March 01, 2017 – Steve Bauer is Canada’s most decorated male road cyclist, wearing the yellow jersey of the Tour de France for a total of 14 days and finishing 4th overall at 1988 Tour where he also won a stage. He finished 2nd in the road race at the 1984 Los Angeles Summer Olympics, 2nd in the road race at the 1982 Brisbane Commonwealth Games, 3rd at the 1984 World Championships in the Elite men’s road race, and has been the Canadian men’s road champion on three occasions among many other accomplishments. Bauer was a member of professional teams including La Vie Claire, La Suisse, 7-Eleven and Saturn Cycling during his time as a professional between 1985 and 1996.
Steve Bauer: The transition back to Europe has been super smooth and familiar. There are many people I know quite well in the organization beginning with GM Jim Ochowicz, CEO Gavin Chillcott, European Operations manager Noel Dejonckheere and Sporting manager Allan Peiper. Sport Directors Max Sciandri, Fabio Baldato, Valerio Piva, Yvon Ledanois were all professionals I raced against in my time or were team mates. The list goes deeper with associates who are still working as therapists or mechanics. It’s a great group to work with and I am enjoying it.
Tell us about your role on the team with the season getting underway…BMC has seen lots of early success.
SB: My role as Director of VIP services kicked off right away in Tour down Under as TAG Heuer developed an activation plan for the final three days of the race. It was a busy three days and Ritchie Porte and the team were on top form. It was exciting to be part of the winning team while providing a second to none experience for the VIP guests in attendance. The BMC racing team has continued its success over the last weeks and Greg Van Avermaet has shown his winning ways in Het Nieuwsblad. Currently the team leads the World Tour rankings, so the momentum is good to start the season.
SB: It’s really great. I am sincere enjoying the excitement to be back in the mix and to watch the team race day in day out. In many ways the sport has not changed one iota. A professional bike racer who gets on the start line today needs to have the same perseverance, guts, determination, skill and fitness to win. I know what that is because I have been there and I truly admire the athletes who commit to that now. I am speaking to the essence of the sport within the bike race, the man to man battles. However, so many things have changed, such as the approach to the sport. The necessary size of World Tour team’s organizations is vastly larger due to the demand and requirement to fulfill such an extensive race calendar. A World Tour team has many moving parts and as I write now, two huge truck / bus preparations are getting ready for departure. One for Italy (Strade Bianchi, Tirreno, Milan San Remo) and one for Paris Nice. The service course is buzzing getting ready for the next few weeks and after that it never stops. Classics, Tours, Grand Tours!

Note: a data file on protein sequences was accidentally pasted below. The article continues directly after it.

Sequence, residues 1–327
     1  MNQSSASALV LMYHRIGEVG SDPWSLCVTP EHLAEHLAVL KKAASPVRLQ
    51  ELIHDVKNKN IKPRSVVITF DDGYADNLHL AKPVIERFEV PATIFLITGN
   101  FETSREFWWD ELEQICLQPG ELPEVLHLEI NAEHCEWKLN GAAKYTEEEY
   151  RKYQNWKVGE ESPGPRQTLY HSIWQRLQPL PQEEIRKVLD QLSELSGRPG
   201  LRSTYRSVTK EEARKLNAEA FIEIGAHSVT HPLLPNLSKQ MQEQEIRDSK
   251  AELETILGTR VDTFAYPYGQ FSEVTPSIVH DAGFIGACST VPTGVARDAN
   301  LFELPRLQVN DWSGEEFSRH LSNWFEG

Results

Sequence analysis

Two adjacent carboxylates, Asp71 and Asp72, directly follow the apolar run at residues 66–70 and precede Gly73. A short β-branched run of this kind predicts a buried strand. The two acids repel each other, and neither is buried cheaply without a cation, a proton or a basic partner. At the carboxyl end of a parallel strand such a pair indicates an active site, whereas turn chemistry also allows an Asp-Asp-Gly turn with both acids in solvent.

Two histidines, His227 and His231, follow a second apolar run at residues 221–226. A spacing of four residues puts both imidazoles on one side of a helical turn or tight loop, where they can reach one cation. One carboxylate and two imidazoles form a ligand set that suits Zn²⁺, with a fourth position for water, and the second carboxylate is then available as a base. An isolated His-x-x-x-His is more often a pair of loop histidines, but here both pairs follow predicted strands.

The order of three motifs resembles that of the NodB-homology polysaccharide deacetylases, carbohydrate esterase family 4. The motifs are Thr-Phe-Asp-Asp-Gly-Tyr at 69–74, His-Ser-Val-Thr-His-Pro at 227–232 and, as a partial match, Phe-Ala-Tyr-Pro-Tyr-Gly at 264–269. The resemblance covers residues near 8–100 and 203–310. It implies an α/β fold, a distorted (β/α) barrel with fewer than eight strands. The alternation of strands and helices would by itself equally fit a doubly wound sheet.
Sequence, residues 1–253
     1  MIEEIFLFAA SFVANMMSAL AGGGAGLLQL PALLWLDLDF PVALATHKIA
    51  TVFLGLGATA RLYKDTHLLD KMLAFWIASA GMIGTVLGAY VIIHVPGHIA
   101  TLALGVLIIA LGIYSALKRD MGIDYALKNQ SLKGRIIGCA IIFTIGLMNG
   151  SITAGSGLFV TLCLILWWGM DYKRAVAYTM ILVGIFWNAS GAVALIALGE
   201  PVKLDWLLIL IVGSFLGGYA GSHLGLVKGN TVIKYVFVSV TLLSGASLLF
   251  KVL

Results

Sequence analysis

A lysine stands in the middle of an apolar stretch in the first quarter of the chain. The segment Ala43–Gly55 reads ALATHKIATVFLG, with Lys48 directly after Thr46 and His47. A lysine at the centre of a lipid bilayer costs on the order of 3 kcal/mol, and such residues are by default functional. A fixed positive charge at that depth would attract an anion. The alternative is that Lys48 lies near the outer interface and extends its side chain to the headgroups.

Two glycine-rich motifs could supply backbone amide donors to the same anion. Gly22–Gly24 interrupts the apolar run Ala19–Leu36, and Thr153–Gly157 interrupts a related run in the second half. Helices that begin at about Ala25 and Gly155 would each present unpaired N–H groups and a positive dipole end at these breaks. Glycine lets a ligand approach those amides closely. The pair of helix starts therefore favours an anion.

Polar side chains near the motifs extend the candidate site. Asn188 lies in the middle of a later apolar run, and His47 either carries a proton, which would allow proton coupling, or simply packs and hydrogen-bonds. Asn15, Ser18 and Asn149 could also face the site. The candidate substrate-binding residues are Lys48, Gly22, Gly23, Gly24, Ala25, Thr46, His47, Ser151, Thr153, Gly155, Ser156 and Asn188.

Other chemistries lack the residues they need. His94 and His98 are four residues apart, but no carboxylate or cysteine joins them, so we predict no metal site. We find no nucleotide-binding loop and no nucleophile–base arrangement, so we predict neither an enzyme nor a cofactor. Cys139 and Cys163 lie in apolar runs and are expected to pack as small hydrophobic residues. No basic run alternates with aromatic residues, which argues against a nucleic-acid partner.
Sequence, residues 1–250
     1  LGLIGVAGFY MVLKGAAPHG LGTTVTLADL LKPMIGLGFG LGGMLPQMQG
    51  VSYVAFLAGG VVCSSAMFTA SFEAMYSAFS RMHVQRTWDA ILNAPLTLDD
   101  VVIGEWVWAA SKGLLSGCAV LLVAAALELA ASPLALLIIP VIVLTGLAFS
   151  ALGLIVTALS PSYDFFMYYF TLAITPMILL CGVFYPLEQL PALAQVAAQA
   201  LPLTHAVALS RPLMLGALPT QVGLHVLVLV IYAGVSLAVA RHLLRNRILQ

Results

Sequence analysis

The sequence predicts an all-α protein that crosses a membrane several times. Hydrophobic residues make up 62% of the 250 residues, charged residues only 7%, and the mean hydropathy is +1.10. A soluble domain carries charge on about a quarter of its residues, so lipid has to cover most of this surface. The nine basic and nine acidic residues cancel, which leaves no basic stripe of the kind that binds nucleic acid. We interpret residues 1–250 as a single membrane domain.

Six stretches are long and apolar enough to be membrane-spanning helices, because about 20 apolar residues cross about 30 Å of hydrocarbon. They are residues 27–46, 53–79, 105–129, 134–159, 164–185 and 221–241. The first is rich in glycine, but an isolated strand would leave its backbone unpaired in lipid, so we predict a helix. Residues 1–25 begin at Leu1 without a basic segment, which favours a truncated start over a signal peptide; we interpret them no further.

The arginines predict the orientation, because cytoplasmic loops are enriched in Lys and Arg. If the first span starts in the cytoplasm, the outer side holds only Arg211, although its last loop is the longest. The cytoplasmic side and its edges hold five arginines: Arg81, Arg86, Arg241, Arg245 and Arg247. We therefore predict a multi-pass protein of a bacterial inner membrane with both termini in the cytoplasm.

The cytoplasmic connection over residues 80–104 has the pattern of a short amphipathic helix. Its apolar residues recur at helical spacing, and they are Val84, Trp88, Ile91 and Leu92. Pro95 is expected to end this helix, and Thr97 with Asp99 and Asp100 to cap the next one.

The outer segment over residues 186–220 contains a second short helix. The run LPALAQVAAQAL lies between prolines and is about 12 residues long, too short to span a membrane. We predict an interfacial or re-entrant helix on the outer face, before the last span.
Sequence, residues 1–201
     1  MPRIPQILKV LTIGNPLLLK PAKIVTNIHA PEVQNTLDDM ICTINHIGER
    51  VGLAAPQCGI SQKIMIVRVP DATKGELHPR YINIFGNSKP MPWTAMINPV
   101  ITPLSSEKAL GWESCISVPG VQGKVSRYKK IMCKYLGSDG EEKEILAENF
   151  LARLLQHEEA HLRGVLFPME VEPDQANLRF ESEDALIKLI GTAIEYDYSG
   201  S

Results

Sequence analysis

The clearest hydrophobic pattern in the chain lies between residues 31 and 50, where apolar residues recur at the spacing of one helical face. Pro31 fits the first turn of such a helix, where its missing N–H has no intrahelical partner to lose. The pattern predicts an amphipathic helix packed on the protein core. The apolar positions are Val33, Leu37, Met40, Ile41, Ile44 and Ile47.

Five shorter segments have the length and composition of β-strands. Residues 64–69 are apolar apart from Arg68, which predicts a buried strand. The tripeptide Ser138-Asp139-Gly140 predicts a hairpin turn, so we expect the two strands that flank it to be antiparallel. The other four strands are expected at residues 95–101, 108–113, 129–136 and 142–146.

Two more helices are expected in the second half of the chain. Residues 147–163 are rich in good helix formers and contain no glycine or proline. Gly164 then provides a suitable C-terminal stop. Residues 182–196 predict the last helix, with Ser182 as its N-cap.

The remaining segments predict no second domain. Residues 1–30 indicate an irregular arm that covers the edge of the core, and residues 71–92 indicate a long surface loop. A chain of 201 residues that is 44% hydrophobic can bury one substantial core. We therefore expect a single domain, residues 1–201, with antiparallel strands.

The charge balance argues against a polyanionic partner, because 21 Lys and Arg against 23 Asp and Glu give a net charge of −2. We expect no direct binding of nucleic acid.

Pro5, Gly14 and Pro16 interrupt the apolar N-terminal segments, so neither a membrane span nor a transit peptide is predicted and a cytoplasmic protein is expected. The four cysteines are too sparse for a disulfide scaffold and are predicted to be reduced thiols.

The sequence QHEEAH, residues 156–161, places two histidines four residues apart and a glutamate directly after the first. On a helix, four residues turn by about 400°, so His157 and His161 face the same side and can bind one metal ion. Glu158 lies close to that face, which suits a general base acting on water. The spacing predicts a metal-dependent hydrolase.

What’s the most exciting or notable experience so far?
SB: Richie Porte smashing it on the Paracombe climb and also on Willunga Hill to win both stages in Tour Down Under.
SB: I gave shout outs to Boivin and Tuft as they raced by in the Het Nieuwsblad and Kuurne-Brussel-Kuurne. I bumped into Antoine Duschene at the end of the Paddestraat cobbles in HN as he pulled out of the race. I spoke to Hugo Houle at the start of KbK. I reached out to see Randy [Ryan] Anderson at the Direct Energie bus but they were in team briefing so no luck. I missed Ben Perry but next time hopefully.
SB: I worked with and met a lot of nice people in the town of Milton and cyclists young and older who came to ride our programs at the MNCC.
It started well and I am staying connected with the progress. A new youth cycling club will start up called the Milton Revolution CC. It will take some time and effort to evolve but will be a good spot to support grass roots development of kids getting into the sport. We need more of this happening in our country. Without the foundation of youth cycling growing and expanding and getting support from enthusiastic leaders, Canada’s Own the Podium [program] won’t have more athletes to own it. The more kids we have developing in the competitive stream of cycling, the more chance our country will have to compete internationally in the future. It’s a bit cliché, but it’s not rocket science is it.
All the best with the team and the rest of the season.